It can be very frustrating to not see immediate results when starting with any one of these channels. But we find that steady, consistent efforts across all of them pay off over time, and the combination of channels is very helpful. We often hear that candidates who first engaged with us through one channel actually read about us somewhere else first or knew someone else in our network that could tell them about Plus.
Ask for real-world work and show candidates what it's like to work with us.
One of the most common complaints about interviews is that they are not good predictors of what it's actually like to work with someone because they create artificial, high-pressure environments, and they are not reflective of actual "on the job" work.
As much as we can, our interviews focus on real-world work. For example, frontend engineers work on a pair programming exercise where engineers demonstrate how they would use React to implement pieces of our design system. For our VP of Engineering interviews, we gave candidates a high level overview of our product roadmap and asked them to organize their thoughts in a short document that could serve as a starting point to discuss the next 3-6 months of our technical strategy.
We've also considered take home assignments and more theory-based interviews, but at our current team size, we've found that these types of interviews either take too much time or are not representative of the types of problems we deal with on a daily basis. Our current interviews require less time from candidates who are juggling multiple opportunities, and they give us and them a better sense of what it will be like to work together on the job.
Finally, one of our biggest advantages as a startup is our ability to move quickly without a lot of decision-making overhead. We try to keep our hiring process concise to demonstrate that to candidates. If we think someone would be a great fit for one of our open roles, our goal is to give them the first offer that they receive.
Offer attractive compensation. Be transparent and be flexible.
Our philosophy on work is we want to hire the best person we can for each job, and then remove as many roadblocks and distractions as possible for them to get their best work done. We don't want people to be worried about whether they are getting paid enough for their work - instead we just want people who are excited about what we are building.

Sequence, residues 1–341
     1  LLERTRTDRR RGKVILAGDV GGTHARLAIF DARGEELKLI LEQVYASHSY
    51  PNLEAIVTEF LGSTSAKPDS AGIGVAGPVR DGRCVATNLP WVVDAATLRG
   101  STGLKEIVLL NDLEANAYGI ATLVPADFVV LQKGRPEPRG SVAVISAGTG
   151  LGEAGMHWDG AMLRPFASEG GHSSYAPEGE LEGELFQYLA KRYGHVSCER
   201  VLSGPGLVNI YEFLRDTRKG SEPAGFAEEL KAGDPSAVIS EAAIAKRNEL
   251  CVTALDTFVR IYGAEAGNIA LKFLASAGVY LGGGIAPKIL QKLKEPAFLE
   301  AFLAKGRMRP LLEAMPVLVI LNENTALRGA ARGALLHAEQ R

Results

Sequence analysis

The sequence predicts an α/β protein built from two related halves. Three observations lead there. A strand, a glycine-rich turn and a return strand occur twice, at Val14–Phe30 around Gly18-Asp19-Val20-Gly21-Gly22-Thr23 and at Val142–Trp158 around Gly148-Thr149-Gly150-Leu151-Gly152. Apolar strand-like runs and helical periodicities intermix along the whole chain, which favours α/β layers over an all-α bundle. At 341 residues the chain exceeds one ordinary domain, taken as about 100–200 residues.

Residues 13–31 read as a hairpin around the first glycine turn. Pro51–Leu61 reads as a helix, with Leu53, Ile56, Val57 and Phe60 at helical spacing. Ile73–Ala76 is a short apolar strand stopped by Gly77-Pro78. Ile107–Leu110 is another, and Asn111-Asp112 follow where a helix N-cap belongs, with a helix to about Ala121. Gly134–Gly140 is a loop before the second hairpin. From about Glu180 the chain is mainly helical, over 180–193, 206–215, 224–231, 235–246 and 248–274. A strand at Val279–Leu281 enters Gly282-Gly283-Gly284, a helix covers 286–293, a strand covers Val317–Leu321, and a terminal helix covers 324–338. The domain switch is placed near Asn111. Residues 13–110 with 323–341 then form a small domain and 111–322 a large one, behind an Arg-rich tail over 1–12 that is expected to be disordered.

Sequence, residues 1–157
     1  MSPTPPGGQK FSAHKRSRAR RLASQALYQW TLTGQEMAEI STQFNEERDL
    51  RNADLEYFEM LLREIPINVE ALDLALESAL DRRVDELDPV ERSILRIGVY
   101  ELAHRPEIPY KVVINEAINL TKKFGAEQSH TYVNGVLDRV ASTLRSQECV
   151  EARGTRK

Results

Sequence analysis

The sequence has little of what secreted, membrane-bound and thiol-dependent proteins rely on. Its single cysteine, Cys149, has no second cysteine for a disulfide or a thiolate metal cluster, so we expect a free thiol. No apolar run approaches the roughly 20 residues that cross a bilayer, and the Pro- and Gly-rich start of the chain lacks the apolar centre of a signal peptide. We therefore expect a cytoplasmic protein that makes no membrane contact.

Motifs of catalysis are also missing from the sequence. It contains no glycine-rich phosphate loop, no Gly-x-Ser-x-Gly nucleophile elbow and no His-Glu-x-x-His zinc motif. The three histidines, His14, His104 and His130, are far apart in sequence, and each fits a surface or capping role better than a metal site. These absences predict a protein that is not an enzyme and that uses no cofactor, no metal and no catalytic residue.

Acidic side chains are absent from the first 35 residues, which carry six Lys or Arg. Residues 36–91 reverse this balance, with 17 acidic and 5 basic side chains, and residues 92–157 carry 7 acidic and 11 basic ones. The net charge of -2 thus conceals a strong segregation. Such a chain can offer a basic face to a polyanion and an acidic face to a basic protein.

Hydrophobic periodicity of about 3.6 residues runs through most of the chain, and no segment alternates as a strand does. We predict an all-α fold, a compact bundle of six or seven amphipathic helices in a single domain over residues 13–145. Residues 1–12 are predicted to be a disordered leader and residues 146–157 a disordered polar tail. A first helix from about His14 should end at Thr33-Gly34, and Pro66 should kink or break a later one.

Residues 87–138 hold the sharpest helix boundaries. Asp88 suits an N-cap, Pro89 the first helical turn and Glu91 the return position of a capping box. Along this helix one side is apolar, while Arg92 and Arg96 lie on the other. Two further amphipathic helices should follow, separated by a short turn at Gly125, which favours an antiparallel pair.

In order to attract the best talent, we target 75th to 90th percentile compensation relative to other companies at our stage. When we give someone an offer to join our team, we walk through a slide deck with benchmarks so candidates can see how we generated their offer. Part of that slide deck is also an overview on how equity works and what a reasonable expectation should be for the value of their equity over time.
We also allow candidates to trade off cash and equity compensation based on their personal preferences and circumstances. We think sharing our compensation data and giving people a framework to receive more equity or higher cash compensation creates a fair and transparent process that reflects how we strive to make decisions at Plus.
In addition to offering top of market compensation packages, we offer benefits like a monthly outsourcing budget, to encourage people to think about how they can make the best use of their time and get help on things that are not core to their work, and a monthly work from home budget that can be spent on food, office equipment, and other benefits our employees would typically receive in an office environment.
Create a culture of trust, shared ambition, experimentation, and ownership.
Long-term, we believe the best way to build a great recruiting culture is to build a great work culture. Because we're a remote-first company, we've invested heavily in creating rituals, working agreements, and team norms that help us connect with one another, even though we don't sit in the same office every day.
Today, we try to tell candidates about our culture and give them a sense of what it's like to work with us when we bring them through our interview process, but as we grow into a larger team, we would like to have our culture draw in people who share our values of trust, shared ambition, experimentation and ownership.
Over time, we think our employees will be the best way for new people to learn about our culture, but we also want to start writing more about what it's like at Plus with posts like this or our KeyValues page that describes our engineering culture in more detail. Hopefully, these articles will help potential hires get to know us better on their own time, without having to schedule multiple calls and interviews.
As a startup, our biggest source of competitive advantage is being able to quickly experiment, learn, and iterate on our product (it's also what makes working at a startup so fun and exciting). We take that some approach to building our company and building our team.
Of course, we are still learning! We would love to hear from you if these recruiting principles resonate with you and/or how you do things differently.
Last but not least, if this sounds appealing to you, please check out our Careers page!